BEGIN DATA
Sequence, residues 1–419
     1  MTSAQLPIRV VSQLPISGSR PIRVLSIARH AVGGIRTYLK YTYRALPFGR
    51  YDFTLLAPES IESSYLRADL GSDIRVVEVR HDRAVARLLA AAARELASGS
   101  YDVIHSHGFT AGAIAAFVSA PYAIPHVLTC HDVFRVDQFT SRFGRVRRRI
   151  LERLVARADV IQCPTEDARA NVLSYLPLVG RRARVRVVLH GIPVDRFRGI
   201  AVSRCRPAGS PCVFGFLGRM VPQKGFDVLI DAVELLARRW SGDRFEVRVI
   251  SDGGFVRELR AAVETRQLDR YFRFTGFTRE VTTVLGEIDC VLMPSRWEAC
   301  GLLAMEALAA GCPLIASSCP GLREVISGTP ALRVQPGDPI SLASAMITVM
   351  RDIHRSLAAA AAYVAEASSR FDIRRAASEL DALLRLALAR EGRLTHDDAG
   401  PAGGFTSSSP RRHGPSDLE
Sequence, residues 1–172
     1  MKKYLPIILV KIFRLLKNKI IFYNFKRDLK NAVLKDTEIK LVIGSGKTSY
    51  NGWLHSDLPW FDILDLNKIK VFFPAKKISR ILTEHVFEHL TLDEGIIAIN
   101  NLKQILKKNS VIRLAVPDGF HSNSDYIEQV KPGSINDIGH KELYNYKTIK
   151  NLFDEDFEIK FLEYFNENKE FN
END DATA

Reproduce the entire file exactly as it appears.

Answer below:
Sequence, residues 1–419
     1  MTSAQLPIRV VSQLPISGSR PIRVLSIARH AVGGIRTYLK YTYRALPFGR
    51  YDFTLLAPES IESSYLRADL GSDIRVVEVR HDRAVARLLA AAARELASGS
   101  YDVIHSHGFT AGAIAAFVSA PYAIPHVLTC HDVFRVDQFT SRFGRVRRRI
   151  LERLVARADV IQCPTEDARA NVLSYLPLVG RRARVRVVLH GIPVDRFRGI
   201  AVSRCRPAGS PCVFGFLGRM VPQKGFDVLI DAVELLARRW SGDRFEVRVI
   251  SDGGFVRELR AAVETRQLDR YFRFTGFTRE VTTVLGEIDC VLMPSRWEAC
   301  GLLAMEALAA GCPLIASSCP GLREVISGTP ALRVQPGDPI SLASAMITVM
   351  RDIHRSLAAA AAYVAEASSR FDIRRAASEL DALLRLALAR EGRLTHDDAG
   401  PAGGFTSSSP RRHGPSDLE
Sequence, residues 1–172
     1  MKKYLPIILV KIFRLLKNKI IFYNFKRDLK NAVLKDTEIK LVIGSGKTSY
    51  NGWLHSDLPW FDILDLNKIK VFFPAKKISR ILTEHVFEHL TLDEGIIAIN
   101  NLKQILKKNS VIRLAVPDGF HSNSDYIEQV KPGSINDIGH KELYNYKTIK
   151  NLFDEDFEIK FLEYFNENKE FN